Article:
"The beach umbrellas and sun beds were like dolls furniture"
A Buckinghamshire family holidaying in Thailand watched from their hotel balcony as a massive wave smashed into their beach resort.
When Mike Williams felt himself being shaken awake on Boxing Day morning, he instinctively turned towards his wife, Kathryn - but realised she was still sleeping peacefully.
"Can you feel the bed moving?", he asked her.
"Don't be so stupid! Go back to sleep," she replied.
But when their hotel room - at the Hilton Arcadia resort at Karon Beach, Phuket - started shaking, the couple ran out onto the balcony to find their daughter, Sam, who had been sleeping in the adjoining room.
As the tremors subsided and the family realised they had experienced an earthquake, Mr Williams joked: "Now just wait for the tsunami!"
Her parents were still laughing, when Sam suddenly stopped, pointed towards the beach across the road, and shouted: "Daddy, the sea's gone!"
The sea had gone out so far, it had disappeared.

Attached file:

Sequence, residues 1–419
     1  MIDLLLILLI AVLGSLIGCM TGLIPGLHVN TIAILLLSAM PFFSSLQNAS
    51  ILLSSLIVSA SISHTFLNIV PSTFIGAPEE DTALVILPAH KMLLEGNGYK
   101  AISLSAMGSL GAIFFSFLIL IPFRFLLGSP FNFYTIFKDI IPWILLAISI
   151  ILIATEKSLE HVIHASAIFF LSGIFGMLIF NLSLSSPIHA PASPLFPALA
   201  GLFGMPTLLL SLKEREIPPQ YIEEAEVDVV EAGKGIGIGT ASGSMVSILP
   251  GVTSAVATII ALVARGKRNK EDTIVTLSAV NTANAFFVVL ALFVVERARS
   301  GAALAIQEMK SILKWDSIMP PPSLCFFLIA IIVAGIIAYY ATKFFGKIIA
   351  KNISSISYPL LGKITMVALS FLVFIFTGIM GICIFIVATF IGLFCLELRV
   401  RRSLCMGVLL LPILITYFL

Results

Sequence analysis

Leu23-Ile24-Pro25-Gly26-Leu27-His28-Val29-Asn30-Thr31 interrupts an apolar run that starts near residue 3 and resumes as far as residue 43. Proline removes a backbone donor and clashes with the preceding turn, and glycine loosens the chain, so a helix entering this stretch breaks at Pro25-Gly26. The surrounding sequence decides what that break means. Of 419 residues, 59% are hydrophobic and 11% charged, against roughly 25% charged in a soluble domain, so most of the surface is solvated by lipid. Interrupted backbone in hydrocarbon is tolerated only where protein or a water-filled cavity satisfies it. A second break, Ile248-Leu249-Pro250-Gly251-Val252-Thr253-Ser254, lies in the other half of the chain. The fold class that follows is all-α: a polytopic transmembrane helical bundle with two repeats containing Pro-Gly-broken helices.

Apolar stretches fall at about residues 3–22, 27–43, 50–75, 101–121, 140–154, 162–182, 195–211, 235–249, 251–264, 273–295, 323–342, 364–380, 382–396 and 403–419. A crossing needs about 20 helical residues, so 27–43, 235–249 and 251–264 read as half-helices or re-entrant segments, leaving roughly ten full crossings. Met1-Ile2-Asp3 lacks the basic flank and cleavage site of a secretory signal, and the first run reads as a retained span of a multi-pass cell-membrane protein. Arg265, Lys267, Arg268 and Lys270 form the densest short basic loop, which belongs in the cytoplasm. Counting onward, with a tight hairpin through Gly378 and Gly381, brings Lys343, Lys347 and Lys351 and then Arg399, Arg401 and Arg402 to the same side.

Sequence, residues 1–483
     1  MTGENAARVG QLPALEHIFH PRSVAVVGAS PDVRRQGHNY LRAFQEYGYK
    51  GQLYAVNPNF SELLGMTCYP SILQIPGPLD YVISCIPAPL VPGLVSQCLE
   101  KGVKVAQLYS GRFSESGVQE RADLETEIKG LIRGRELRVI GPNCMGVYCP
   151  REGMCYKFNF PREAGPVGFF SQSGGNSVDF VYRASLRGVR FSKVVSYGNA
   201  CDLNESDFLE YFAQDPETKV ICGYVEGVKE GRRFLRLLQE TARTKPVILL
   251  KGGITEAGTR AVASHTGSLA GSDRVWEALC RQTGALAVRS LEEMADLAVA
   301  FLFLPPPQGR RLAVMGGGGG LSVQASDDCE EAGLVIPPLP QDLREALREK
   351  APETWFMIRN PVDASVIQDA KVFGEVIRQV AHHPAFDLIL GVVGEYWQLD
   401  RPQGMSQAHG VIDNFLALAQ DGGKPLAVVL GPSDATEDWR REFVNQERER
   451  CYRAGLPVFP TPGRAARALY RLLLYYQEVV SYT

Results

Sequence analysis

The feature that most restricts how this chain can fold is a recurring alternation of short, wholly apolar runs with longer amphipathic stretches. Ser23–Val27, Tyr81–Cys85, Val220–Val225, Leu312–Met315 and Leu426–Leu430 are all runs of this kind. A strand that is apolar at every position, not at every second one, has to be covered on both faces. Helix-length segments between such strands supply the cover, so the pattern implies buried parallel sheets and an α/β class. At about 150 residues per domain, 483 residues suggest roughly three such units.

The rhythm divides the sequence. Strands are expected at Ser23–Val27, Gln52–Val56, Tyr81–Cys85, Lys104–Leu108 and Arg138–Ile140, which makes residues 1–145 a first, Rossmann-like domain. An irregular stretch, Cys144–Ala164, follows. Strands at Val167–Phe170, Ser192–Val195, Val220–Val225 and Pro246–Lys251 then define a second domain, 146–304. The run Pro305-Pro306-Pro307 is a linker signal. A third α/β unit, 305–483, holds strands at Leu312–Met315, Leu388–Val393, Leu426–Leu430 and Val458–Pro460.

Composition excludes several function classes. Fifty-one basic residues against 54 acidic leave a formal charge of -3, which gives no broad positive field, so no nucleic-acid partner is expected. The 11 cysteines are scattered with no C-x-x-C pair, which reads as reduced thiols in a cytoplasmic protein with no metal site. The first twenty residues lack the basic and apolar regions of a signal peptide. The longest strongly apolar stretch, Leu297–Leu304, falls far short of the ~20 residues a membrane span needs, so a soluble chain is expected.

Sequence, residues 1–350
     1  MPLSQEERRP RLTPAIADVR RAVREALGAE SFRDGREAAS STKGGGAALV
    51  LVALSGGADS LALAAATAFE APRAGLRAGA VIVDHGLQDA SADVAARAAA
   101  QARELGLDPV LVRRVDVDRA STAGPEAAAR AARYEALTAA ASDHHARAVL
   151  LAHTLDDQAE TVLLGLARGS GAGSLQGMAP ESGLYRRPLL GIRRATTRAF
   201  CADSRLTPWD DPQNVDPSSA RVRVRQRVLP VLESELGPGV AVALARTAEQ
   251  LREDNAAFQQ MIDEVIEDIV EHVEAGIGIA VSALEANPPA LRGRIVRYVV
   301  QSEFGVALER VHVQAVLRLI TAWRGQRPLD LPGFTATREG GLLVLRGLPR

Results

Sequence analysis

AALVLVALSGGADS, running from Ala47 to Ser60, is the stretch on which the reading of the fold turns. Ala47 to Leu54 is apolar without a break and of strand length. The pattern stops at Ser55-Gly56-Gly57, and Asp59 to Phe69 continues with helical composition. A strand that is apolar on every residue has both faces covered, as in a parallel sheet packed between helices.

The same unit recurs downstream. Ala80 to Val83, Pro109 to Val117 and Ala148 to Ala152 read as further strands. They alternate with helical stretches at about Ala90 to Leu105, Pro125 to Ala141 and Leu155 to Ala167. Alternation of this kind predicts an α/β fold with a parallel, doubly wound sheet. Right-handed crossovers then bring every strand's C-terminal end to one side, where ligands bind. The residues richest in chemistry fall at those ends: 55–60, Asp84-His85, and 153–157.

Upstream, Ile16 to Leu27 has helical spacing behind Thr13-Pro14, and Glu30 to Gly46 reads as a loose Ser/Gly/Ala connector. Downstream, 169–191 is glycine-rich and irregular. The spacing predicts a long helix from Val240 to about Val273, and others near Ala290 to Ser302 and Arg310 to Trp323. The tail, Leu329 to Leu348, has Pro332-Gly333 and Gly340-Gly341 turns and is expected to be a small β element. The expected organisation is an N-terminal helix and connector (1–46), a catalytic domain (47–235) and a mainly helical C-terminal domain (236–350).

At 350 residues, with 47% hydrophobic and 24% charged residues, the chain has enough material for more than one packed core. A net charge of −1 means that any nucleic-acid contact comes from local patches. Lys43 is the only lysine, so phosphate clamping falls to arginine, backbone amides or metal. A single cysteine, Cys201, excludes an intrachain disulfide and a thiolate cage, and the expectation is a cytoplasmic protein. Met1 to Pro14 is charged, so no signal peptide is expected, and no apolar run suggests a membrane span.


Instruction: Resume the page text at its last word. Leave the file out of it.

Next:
The hotel's security guards braved the swirling waters
The next thing the family saw was a 15ft wave tearing across the sand towards the hundreds of holidaymakers lying on loungers and oblivious to the imminent danger.
"If you were on the beach, you were stuck," Mr Williams, 59, told BBC News.
"Then we heard screaming as a great surge came over the beach and onto the road, flooding the shops and hotel garden.
"The beach umbrellas and sunbeds were like dolls' furniture as they were swept inland.
"The surge continued, and dozens of cars were swept along the road like floating toys.
"It was absolute chaos - very scary."
The family watched from their second-floor balcony as terrified, injured survivors struggled onto a small area of high ground between the beach and road in front of the hotel.
Kathryn Williams was on the beach in front of the hotel the day on Christmas Day
Hotel security guards braved the swirling waters to rescue stranded guests.
"It was very dangerous as the road was like a floating bumper-car track with cars and beach equipment," Mr Williams, a health-care worker from High Wycombe, told BBC News.
"At one point a frightened little girl of about seven was carried across the flooded road and put on the ground crying until another guard found her mother."
Mr Williams was speaking from his hotel room, where he remains with his wife and daughter.
The trio have been told not to leave in case any aftershocks cause more massive waves.